Welcome to the world after Covid: where nuance has gone to die, and asking questions puts you on the naughty list.
During a widely-publicized mental health crisis that has claimed many lives in the territory, the hamlets of Rankin Inlet and Arviat have decided to limit the freedoms of citizens who have chosen not to get vaccinated.
The other side of the story is that we are in an even-more publicized virus crisis. It’s reasonable for people to ask for restrictions that are beyond the ordinary. “Limit the freedoms” can also be “protect the wider community.”
That’s the idea behind vaccine passports, anyway: like with masks, they may not be perfect, but the more adoption in society, the safer everyone is. That is probably true, at least regarding Covid in a vacuum.
The subjective part is where is your line in the context of a world that has many competing needs and risks?
I took the vaccine because I watched the stats during the roll out and could see that the benefits outweighed the costs. The risk of complications was very low, and the risk of a serious case of Covid-19 was much higher.
Likewise, I could see that the vaccinated were still contributing to the spread of Covid. In Yukon, where I lived, the first real wave occurred right after opening for vaccinated travellers. A second wave in the fall saw Yukon’s government introduce its vaccine passport system ahead of schedule, despite a 90-per-cent vaccination rate, along with a circuit breaker lockdown.
To me, it looks like vaccines, masks and distancing all play major roles in getting through the pandemic, but each alone isn’t enough.
One difference is the vaccine is a much more intrusive public health measure than the other two.
Being forced – and I do think the threat of losing the ability to travel anywhere besides the local grocery store is essentially force – to have a permanent, physical action performed on you is inherently a little disturbing. The language about people who refuse to participate in this is at best condescending and at worst violent. Communication dictates our world and we need to be careful about how we talk about people.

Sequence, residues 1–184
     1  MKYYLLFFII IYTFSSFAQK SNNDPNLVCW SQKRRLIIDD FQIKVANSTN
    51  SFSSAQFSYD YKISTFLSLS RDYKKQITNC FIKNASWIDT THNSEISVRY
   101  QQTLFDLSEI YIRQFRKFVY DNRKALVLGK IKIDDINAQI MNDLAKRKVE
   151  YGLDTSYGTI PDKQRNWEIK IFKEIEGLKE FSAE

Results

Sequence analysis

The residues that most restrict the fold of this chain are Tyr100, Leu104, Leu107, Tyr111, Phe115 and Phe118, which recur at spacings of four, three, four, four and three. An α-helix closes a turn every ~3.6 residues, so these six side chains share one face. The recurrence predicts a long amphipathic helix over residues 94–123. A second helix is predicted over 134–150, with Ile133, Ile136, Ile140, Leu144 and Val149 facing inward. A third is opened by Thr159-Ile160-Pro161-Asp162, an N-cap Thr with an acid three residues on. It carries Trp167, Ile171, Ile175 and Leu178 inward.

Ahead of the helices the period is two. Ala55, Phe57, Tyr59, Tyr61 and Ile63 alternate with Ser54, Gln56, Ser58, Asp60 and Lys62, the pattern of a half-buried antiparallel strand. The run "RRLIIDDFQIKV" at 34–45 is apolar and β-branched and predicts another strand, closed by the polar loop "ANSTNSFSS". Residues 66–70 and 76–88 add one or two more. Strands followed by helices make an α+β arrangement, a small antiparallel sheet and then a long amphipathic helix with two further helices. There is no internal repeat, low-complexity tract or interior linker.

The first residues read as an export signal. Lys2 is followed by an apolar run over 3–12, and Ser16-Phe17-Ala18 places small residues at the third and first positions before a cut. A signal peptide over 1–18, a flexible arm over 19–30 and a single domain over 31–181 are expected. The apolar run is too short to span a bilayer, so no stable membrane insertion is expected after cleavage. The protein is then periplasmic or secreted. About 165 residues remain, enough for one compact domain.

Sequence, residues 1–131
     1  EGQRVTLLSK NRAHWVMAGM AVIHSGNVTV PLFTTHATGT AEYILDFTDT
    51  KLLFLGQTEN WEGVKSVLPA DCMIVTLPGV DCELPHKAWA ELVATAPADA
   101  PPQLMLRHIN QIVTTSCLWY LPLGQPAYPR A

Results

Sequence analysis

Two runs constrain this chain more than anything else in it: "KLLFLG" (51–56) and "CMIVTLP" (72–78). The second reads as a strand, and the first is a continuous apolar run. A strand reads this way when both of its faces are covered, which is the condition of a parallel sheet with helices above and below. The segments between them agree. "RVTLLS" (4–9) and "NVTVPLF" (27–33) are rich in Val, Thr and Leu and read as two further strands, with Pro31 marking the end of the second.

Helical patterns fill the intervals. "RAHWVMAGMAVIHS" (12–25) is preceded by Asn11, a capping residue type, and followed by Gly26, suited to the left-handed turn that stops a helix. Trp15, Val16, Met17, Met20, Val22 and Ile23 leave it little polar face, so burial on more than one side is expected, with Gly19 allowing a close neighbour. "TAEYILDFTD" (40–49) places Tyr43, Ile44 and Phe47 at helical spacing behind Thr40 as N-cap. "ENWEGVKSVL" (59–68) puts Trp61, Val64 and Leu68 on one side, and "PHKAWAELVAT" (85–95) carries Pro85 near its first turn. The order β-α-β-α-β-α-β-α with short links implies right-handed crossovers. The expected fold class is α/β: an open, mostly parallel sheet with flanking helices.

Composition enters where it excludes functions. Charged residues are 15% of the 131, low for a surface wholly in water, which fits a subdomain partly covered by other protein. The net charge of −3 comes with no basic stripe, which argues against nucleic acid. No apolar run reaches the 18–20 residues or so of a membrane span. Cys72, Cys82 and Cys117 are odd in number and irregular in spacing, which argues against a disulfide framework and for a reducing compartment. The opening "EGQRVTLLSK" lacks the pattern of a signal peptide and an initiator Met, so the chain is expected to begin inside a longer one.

Obviously, there are all sorts of vaccines we have taken before, and we receive medical treatments we don’t understand and contain risks of their own. Reservations from the newness is understandable, but so is trusting the people and organizations who make a career of studying these subjects.
It doesn’t need to be a “sides” thing, but it has turned into one. It’s almost like we’re at war with our own people. Governments and media have done a stand-up job of ripping us away from each other during the pandemic, changing our allegiances from family and community to authority.
Although government action is necessary during a crisis, this road is fraught with darkness. We must ask questions along the way to ensure we are steering ourselves down the best path for all.
Mental health is as big or a bigger crisis in Nunavut than Covid. In terms of loss of life, it is beyond the impact of Covid. We recognize that community and social connections, as well as general acceptance of people with differences, are necessary to maintain our mental health.
So in light of that, how comfortable are you in ostracizing members of the community who don’t want to get vaccinated? Do we sometimes need to break a few eggs to make an omelette?
For me, I’m vaccinated, so I’m all good. If you aren’t vaccinated, I’m not worried about how it might affect me, and it’s not my business. I’d be more worried about you, but that’s your problem.
If we can turn the narrative from separation, division and contempt to acceptance, support and empathy, we can continue to work together as people and find our way through these challenges in life.